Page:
U.S. Army Corps of Engineers is proposing a “significant” six-foot increase in the Clarks Hill Lake level it uses to trigger releases from Thurmond Dam as part of a revised drought contingency plan.
The proposal, to o be discussed at a Wednesday workshop in North Augusta, is among several the Corps studied that has the fewest negative impacts on purposes such as flood control and hydropower production, and will like have a likely positive affect on recreation from a fuller lake, according to Billy Birdwell, senior public affairs specialist.
The proposed change is part of a periodic review of the Corps’ Drought Contingency Plan, and its definition of drought is tied exclusively to lake levels, Birdwell said.
Of several alternatives studied, including making no changes, the proposed Alternative 2 reduces the amount of water released but triggers the releases based on lower lake levels.
The existing trigger level 3 is increased from 316 feet above mean sea level to 324 feet, an increase Birdwell called significant. At that level, 3,200 cubic feet of water is released through the dam.
The lake level was at 324 feet Thursday, and has fluctuated between 319 feet and 324 feet since the beginning of the year.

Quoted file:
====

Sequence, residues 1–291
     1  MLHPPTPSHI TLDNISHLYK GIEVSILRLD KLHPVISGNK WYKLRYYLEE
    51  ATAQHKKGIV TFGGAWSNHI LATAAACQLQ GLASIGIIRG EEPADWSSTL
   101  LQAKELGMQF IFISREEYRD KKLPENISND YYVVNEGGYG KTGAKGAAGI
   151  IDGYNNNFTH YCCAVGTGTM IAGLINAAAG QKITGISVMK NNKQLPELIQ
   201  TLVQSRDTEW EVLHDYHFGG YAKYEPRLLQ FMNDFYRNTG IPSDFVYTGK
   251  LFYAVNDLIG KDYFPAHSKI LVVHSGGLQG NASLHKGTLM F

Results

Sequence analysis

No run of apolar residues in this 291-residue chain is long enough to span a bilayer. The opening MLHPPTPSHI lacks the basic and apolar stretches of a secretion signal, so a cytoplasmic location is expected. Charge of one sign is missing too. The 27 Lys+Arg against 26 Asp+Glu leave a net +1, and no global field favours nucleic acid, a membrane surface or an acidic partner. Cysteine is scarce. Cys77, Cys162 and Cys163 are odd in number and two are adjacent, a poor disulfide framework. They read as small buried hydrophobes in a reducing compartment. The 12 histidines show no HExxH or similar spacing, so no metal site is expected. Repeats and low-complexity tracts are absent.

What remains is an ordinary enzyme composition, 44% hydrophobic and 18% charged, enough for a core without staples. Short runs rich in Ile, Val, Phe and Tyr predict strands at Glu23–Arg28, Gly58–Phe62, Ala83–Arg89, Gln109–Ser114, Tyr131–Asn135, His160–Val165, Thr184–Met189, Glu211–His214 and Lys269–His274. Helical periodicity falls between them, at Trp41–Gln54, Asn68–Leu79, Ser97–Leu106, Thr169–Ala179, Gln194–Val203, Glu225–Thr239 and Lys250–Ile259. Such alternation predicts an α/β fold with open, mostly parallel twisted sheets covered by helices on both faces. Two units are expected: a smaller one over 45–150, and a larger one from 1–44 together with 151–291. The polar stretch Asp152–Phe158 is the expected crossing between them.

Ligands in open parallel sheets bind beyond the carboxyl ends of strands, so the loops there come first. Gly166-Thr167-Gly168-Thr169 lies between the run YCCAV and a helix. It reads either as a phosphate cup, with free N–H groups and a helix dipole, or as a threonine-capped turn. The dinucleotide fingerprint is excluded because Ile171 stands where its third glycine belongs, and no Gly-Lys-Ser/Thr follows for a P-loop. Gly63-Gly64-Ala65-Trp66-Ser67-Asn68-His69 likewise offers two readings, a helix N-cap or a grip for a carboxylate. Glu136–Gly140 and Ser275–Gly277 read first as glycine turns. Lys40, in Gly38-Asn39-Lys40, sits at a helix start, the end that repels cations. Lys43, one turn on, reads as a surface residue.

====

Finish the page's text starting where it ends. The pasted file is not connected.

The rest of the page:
By reducing the drought trigger level, the lake enters the level sooner and the Corps “can further reduce the amount of water we release from the Thurmond Dam that will likely slow the decline even more.”
The Corps expects feedback from recreational, municipal, state, federal and industrial users on either sides of Thurmond Dam at the work session and will also receive written comments through noon Thursday, July 13, Birdwell said.
Below the dam, users also expect sufficient water levels and will likely voice their concerns, he said. Congress recently directed the Corps to maintain the pool of water backed up on the Savannah behind the New Savannah Lock and Dam, he said.
Entities dependent on those levels include Augusta Utilities, which draws raw river water into the Augusta Canal for treatment.
Utilities Director Tom Wiedmeier said the department occasionally has to curtail flow through the canal to maintain higher levels in the river.
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